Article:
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Improving Wellness with Zumba

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As we age there are many emotional and physical transitions to cope with, and change is difficult, no matter how old you are. It’s natural to feel those losses. But if that sense of loss is balanced with positive ingredients, you have a recipe for staying healthy as you age.

“Regardless of underlying medical conditions the data is clear that the one thing that will increase the length and quality of life is exercise.”

Healthy aging means finding new things you enjoy, learning to adapt to change, staying physically and socially active, and feeling connected to your community. An active lifestyle as you age can help reduce physical illness and emotional distress and increase longevity and quality of life. It is never too late to start to exercise. Regular physical activity helps you look and feel younger and stay independent longer. It also lowers your risk for a variety of conditions such as heart disease, diabetes, Alzheimer’s and dementia, high blood pressure, certain cancers, and obesity. The mood benefits of exercise can be just as great in the elderly as for the youth. And did you know that exercise and stretching that is appropriate for your ability, will reduce falls and increase balance. At Idylwood Care Center, their Medical Director, Dr. Silver, observed about their residents and exercise, “Regardless of underlying medical conditions the data is clear that the one thing that will increase the length and quality of life is exercise.”

 

Greg Leading Zumba

Greg Parnell getting Idylwood residents and staff moving and having fun during a Zumba class.

 

Motivation to exercise as you age can be challenged by the loss of strength and stamina, medical conditions and lack of social support. Communities play an important role in promoting health and wellness. Recently Greg Parnell, Crestwood’s Health and Wellness Facilitator and Zumba Zen Master, visited Idylwood Care Center to work with their new Zumba instructor, Elsa DeIxta. Residents and staff alike had a great time moving their bodies to a playlist of music featuring oldies and Latin classics.

“Zumba has shown to help create new neural pathways and new brain cell growth reversing signs of Alzheimer’s and Dementia and improving physical, psychological and emotional health,” said Greg. He adapted the class to be done in a chair or bed for those that are bed bound or physically disabled. “As I visit each of our unique campuses, the one thing I know for sure is when more staff are involved in participating in a Zumba class, it inspires more of our clients to participate. Zumba and exercise are a part of our Wellness Initiative and when we get moving together, it feels like one big community coming together, creating an organizational wellness landscape. Remember, there is no right or wrong way to do Zumba, as long as you are moving and smiling.”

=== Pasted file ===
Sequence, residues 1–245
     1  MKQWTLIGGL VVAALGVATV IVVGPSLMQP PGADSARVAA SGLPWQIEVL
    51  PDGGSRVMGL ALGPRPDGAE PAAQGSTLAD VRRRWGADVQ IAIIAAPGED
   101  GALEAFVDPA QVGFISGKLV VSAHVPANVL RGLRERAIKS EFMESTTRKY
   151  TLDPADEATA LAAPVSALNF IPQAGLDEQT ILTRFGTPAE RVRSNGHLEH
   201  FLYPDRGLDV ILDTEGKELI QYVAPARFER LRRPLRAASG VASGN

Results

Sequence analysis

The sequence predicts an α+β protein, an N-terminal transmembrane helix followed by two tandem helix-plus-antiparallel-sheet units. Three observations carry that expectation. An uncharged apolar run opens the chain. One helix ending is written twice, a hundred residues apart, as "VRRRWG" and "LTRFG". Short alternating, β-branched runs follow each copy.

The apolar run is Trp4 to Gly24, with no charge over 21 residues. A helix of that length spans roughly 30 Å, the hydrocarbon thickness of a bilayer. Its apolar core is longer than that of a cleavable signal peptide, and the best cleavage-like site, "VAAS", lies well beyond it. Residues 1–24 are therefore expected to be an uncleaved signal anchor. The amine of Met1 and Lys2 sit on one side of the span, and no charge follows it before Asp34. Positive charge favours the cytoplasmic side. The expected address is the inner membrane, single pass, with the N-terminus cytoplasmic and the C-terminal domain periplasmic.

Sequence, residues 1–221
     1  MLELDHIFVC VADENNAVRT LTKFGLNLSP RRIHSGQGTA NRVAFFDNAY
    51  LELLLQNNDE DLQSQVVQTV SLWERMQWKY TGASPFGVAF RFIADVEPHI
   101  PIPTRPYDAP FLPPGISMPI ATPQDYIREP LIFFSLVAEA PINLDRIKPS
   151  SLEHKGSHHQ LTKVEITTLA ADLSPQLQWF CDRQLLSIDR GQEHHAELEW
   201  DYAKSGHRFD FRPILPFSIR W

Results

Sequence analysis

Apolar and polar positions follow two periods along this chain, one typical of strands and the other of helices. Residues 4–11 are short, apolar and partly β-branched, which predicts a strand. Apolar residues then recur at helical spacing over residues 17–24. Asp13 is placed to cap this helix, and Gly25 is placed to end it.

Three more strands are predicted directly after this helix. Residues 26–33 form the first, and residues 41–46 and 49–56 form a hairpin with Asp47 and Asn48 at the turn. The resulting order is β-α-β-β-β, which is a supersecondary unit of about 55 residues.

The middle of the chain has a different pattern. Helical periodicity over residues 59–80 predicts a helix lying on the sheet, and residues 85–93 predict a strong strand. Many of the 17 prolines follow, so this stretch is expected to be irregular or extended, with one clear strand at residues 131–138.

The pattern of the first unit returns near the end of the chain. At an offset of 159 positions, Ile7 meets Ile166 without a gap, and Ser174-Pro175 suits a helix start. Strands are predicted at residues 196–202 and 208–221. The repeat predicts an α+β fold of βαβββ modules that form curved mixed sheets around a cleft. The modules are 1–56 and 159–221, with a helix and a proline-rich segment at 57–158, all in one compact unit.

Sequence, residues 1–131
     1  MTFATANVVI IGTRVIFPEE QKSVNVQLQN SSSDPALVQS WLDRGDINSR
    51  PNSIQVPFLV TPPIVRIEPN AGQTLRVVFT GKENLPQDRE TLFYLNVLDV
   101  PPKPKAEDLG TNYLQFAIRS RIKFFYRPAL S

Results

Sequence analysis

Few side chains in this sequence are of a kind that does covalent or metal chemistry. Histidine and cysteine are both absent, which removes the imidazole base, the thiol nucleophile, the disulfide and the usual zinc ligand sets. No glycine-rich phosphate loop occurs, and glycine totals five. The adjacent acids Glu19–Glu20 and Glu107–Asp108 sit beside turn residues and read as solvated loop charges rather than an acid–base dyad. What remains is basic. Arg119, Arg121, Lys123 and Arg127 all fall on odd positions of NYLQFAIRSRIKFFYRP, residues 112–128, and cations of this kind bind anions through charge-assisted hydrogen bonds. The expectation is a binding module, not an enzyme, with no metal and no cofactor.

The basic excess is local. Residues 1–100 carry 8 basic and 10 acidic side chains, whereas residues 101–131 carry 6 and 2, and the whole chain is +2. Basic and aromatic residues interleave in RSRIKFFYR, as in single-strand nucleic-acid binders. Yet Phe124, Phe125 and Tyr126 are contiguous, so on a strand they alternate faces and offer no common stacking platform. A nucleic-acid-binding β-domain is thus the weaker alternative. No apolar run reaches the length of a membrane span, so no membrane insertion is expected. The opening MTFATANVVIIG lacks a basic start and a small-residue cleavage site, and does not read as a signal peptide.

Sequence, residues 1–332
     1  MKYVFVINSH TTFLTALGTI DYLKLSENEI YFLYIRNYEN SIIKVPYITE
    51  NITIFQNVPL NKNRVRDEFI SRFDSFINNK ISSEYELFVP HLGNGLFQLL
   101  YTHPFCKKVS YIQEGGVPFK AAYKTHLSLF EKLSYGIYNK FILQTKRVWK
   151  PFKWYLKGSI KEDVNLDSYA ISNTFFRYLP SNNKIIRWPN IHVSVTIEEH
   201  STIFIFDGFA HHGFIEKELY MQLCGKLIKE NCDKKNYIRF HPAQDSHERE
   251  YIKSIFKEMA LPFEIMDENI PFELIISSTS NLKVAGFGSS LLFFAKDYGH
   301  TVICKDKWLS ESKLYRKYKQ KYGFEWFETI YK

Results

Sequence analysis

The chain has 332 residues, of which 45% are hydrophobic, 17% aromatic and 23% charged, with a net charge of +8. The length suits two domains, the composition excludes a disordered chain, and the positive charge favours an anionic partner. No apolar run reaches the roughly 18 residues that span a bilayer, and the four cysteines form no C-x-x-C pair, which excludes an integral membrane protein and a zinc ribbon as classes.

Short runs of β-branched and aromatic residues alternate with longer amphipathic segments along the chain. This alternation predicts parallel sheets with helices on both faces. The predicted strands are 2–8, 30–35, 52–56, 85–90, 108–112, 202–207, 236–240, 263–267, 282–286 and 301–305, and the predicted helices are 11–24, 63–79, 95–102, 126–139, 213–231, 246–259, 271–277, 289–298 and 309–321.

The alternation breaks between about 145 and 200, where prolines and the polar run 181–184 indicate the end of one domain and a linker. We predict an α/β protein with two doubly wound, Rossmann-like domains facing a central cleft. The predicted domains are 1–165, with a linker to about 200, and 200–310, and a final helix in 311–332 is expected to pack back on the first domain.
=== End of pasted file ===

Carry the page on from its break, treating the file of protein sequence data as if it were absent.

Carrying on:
Contributed by
Cindy Mataraso, Director of Operations

 


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Zumba’s Spark is Energizing Crestwood

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One of the biggest challenges for both our clients and staff is finding the time and motivation to get adequate exercise. Greg Parnell, the Director of Education and Assistant Program Director at Crestwood Behavioral Health Center Eureka’s campus, has been a licensed Zumba instructor for five years now, and to say he is passionate about Zumba, would be an enormous understatement. He teaches Zumba classes not only for the clients in the Eureka facility, but also in the community at recreation centers and schools.

Zumba was started in the 1990s blending aerobic exercise with infectious Latin dance music. It is now a worldwide phenomenon being done in 180 countries, with more than 15 million students taking classes. What Greg and many others that participate in Zumba have found is that it is an activity that sparks something deep inside your spirit. That spark energizes you, changes your mood, and changes your outlook on life. Not only does Zumba bring about physical changes in you, it brings about mental and spiritual changes as well. Zumba can be a spark that starts with a simple routine of fun exercise, which then progresses into wanting to eat better, feel better, present one’s self better, and be more active in the world.